Mick McCarthy has criticised the decision to persist with giving Declan Rice the Young Player of the Year award even after it became clear that the 20-year-old would not be playing again for Ireland.
The Ireland manager suggested that the midfielder would himself most likely be embarrassed by the decision, and feels that the award should either have gone to someone it mattered to or been dropped for this year.
“When I was told that he was getting it, I said ‘no way, why would he get it?’,” said the manager. “Give it to someone who would really appreciate it. He’s not going to appreciate it; he probably feels slightly embarrassed by it.”
As he revealed a trimmed-down squad for this month’s two European Championship qualifiers at a press conference actually held to unveil betting firm SportPesa’s new sponsorship deal with the FAI, McCarthy said that the journalists on the panel, drawn from the membership of the Soccer Writers’ Association of Ireland, had made “everyone look stupid”.
“I think that you should all have a look at yourselves. I was told that you guys – whoever it is – insisted that the integrity of the vote was maintained, and that’s why he got it. But it’s not you guys who get the brickbats afterwards,” he continued, in a reference to the criticism levelled at the FAI since news of the award broke, “which is wrong in my view”.
“He obviously did deserve it because he won it on merit. But for someone who has left and does not even want to play for us; why in earth would you consider doing it? Was it to embarrass him, to embarrass the FAI? I don’t see the reason for doing it.”
There were some notable names missing from the squad of 23 that McCarthy has named for the games against Gibraltar and Georgia. James McCarthy, Cyrus Christie and David Meyler are all omitted on this occasion for various reasons, while Stephen Ward, the manager revealed, has decided to retire from international football after eight years and 50 senior appearances for his country.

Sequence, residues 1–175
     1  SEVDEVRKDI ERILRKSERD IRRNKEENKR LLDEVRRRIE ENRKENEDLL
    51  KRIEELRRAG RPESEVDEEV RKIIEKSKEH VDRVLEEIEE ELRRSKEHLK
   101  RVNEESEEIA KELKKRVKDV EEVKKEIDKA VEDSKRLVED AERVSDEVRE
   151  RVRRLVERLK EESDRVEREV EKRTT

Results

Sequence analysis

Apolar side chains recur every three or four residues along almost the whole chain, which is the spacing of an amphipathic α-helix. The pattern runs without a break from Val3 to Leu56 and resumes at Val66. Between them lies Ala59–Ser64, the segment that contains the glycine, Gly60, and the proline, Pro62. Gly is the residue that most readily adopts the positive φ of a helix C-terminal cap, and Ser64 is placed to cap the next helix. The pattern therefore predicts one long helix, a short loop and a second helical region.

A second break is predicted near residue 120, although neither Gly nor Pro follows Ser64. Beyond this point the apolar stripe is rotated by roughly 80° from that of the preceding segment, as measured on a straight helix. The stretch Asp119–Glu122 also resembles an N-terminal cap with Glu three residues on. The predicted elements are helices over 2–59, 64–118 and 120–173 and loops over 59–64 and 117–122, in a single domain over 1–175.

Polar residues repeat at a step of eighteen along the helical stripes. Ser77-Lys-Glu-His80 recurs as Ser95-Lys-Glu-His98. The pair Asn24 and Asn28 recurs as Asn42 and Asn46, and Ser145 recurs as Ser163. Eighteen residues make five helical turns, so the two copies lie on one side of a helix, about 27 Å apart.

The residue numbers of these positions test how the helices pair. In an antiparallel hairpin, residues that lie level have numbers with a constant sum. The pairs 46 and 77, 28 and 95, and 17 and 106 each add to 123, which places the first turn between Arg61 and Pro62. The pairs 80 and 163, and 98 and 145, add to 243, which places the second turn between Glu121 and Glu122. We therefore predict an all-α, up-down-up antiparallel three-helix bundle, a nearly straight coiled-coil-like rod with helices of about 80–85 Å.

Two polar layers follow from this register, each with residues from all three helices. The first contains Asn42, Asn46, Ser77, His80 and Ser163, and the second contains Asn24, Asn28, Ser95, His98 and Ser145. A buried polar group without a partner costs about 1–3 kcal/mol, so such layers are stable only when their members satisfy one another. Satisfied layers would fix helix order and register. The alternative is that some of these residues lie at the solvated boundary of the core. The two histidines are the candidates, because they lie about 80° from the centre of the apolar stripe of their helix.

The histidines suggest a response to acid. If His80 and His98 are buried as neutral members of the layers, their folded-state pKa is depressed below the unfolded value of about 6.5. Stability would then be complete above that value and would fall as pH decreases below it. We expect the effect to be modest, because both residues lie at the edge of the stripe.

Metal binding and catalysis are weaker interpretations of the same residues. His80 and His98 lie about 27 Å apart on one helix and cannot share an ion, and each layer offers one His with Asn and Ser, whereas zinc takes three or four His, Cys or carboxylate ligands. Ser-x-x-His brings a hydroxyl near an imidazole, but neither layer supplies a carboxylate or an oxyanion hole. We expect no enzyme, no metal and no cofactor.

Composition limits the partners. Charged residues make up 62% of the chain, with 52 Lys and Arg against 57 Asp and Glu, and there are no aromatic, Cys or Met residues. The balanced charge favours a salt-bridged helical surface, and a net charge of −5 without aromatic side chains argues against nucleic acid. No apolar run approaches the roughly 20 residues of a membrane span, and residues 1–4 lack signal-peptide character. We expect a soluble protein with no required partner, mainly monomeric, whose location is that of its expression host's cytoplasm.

“I have spoken to him today and he is finished,” said McCarthy. “He’s not back playing yet, so he wants to concentrate on that as much as anything. I wasn’t expecting it.
“I think he was surprised, pleased, that he had been named in the squad. He shouldn’t have been, knowing it was me. I put him in the squad knowing that if I needed Wardy he would turn up, and if he turned up, whether he has played or not… I know how well he looks after himself, he keeps himself fit.”
McCarthy went back a long way with Ward, with the then Wolves manager having bought the Dubliner from Bohemians in 2007 for what he remembers as being something of a snip.
“Given what he has gone on to achieve, he has been one of the most successful purchases [I ever made]. What was it from Bohs, £100,000? I think we’d both think that it was a success. I do, and I am sure that he does.
“I bought him as a striker cum left winger but then, having had an injury, I played him at Charlton at left back, and he was outstanding. He played there ever since. I can never tell if someone is going to get 50 caps, but he was someone I came to rely on very heavily. He was a great player at Wolves for me.”
Ronan Curtis, meanwhile, like Alan Browne, has been included in the squad at this stage but both, it seems, will have to be replaced after picking up injuries.
In the former’s case the problem is not football-related, with the striker having lost most of a finger after catching it in a door.
“I just felt really bad for him because he’s had a great season,” said McCarthy. “He scored a blinding header there at Charlton last week at Saturday afternoon. I was looking forward to working with him; I was really impressed by him.
“He’s amputated 80 per cent, they said. Yeah, I mean…I was about to send him an emoji but I thought I better not because I don’t know him that well. There is a great emoji but I thought I better not. Had I know him better…he might have seen the funny side.”